The first order addresses respondent’s oral motion to exclude Ms. Driver’s testimony. Respondent’s motion was made during a conference call with the parties in advance of their trial. Petitioner requested the conference call to discuss whether Ms. Driver will be available to testify. Ms. Driver is the Appeals Officer who first considered petitioner’s case after he petitioned the Court.

Petitioner argues that Ms. Driver’s testimony is relevant because she identified problems with the IRS’s initial examination of his return. Respondent argues Ms. Driver testimony is not relevant and the Court should exclude her as a witness under Federal Rules of Evidence (“Fed. R. Evid.”) 104, which states the Court “must decide any preliminary question about whether a witness is qualified, a privilege exists, or evidence is admissible.”Respondent argues Ms. Driver’s testimony is excludible under Fed. R. Evid. 408 because it is evidence of a compromise of the deficiency determined by respondent.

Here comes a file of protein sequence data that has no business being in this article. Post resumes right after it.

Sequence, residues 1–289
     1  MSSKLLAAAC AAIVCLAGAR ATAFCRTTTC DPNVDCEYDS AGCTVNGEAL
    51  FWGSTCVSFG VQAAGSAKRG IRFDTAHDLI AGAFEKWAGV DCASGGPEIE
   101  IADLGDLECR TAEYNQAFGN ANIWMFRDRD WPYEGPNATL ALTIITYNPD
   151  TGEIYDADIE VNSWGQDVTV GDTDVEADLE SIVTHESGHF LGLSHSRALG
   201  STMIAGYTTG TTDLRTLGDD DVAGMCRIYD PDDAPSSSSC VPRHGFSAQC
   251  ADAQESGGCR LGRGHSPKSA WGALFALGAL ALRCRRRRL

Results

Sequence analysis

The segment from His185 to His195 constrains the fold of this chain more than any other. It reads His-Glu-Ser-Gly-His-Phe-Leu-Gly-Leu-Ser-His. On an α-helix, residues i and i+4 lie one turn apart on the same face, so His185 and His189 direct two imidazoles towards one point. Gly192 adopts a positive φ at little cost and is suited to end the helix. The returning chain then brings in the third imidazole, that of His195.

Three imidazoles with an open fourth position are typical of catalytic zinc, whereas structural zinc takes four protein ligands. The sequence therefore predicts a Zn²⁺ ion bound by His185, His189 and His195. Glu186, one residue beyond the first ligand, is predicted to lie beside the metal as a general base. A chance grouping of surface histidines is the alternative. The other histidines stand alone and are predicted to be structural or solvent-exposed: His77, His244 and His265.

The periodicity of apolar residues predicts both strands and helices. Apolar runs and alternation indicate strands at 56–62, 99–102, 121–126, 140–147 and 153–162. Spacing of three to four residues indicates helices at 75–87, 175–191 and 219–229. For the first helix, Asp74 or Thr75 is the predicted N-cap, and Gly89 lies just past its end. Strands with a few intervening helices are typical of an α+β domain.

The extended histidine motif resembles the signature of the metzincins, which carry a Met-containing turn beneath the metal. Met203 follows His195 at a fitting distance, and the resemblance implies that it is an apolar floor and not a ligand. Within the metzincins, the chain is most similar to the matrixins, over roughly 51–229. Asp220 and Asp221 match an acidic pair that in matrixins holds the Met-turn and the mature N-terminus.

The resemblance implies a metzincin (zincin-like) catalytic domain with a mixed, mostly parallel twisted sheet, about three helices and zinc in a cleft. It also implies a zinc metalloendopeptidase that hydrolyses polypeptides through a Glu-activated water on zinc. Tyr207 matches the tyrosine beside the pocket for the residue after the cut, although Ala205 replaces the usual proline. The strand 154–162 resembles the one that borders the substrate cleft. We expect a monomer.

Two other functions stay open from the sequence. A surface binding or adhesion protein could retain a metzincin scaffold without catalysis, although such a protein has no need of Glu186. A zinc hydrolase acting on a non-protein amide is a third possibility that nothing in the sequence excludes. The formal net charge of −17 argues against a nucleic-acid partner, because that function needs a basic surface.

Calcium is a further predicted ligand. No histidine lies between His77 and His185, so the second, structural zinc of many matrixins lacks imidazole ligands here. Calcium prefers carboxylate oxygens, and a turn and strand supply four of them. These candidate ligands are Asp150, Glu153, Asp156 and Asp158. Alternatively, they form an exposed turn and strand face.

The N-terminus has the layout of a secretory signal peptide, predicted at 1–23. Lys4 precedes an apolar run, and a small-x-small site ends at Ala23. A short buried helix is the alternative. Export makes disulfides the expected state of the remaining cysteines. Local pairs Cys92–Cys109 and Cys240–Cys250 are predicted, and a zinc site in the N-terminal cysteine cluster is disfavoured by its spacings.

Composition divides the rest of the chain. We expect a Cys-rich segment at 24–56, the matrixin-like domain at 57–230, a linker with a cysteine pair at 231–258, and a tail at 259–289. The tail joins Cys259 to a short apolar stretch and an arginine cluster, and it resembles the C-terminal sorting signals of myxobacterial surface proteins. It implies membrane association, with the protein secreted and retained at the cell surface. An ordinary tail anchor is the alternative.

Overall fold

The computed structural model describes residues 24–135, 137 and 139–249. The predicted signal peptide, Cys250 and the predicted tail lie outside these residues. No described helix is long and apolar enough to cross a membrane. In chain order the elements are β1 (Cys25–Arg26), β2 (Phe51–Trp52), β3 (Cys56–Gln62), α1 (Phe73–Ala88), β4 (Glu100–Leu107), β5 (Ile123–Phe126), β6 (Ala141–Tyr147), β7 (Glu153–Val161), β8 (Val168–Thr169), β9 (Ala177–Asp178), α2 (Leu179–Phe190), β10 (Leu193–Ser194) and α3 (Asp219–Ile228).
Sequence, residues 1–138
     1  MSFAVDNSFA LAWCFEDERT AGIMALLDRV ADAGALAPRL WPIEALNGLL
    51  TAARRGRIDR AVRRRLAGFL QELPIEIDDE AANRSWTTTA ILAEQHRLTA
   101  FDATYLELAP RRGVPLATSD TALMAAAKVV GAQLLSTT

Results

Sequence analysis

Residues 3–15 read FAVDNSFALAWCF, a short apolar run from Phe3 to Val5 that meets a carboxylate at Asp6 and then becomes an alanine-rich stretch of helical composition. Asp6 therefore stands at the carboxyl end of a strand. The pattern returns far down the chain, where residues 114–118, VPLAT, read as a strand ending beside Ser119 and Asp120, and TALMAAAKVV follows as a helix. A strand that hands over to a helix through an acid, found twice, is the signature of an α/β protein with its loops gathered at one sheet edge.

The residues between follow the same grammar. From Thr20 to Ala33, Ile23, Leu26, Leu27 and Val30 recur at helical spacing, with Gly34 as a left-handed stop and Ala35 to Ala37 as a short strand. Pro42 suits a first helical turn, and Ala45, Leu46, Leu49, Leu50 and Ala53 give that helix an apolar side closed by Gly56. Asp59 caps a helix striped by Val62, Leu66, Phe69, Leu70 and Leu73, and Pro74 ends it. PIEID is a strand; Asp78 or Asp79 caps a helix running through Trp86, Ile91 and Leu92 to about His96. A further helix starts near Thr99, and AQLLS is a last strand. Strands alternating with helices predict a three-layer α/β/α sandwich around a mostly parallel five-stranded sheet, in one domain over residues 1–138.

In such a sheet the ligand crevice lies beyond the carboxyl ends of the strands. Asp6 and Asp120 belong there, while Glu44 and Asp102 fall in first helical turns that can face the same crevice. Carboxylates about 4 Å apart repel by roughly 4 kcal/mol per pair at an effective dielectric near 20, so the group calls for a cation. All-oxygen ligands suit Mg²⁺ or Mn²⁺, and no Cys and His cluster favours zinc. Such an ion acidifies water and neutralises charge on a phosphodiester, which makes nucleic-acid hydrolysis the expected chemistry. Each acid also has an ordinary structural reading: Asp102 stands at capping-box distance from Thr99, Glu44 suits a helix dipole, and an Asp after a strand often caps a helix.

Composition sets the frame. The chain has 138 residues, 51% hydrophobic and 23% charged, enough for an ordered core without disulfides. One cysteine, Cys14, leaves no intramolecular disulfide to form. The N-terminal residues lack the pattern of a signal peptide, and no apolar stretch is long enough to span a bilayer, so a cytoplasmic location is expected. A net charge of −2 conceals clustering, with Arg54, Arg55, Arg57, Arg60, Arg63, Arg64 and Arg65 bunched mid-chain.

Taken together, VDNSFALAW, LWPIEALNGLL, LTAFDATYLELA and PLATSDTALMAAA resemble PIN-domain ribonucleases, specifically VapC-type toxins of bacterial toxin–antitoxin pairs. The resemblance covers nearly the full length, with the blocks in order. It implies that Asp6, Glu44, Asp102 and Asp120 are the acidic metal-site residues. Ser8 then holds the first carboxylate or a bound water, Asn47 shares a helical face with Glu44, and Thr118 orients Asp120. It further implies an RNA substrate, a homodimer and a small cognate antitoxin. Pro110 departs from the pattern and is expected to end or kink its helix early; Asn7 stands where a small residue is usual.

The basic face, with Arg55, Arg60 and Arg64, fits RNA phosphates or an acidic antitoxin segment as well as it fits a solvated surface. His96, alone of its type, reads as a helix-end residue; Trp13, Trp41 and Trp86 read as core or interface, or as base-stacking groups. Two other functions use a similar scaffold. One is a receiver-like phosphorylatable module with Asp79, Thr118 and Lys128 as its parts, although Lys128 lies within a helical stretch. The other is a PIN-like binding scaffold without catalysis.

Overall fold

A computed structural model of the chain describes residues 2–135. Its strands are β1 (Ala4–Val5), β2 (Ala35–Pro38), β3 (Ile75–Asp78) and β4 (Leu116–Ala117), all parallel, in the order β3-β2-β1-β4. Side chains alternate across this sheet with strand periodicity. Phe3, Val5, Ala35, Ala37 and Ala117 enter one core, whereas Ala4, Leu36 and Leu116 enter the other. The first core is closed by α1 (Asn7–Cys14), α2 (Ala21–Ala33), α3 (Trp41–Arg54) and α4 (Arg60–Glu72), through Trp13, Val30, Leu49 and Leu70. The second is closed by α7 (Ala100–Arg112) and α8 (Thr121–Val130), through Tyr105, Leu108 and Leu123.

The Court also brings the parties attention to Greenberg’s Express Inc. v. Commissioner, 62 T.C. 324 (1974) which states that “[a]s a general rule, this Court will not look behind a deficiency notice to examine the evidence used or the propriety of respondent’s motives or of the administrative policy or procedure involving in making his determinations.” The rationale behind this is that “a trial before the Tax Court is a proceeding de novo; [the] determination as to a petitioner’s tax liability must be based on the merits of the case and not any previous record developed at the administrative level.” Greenberg’s Expressat 328.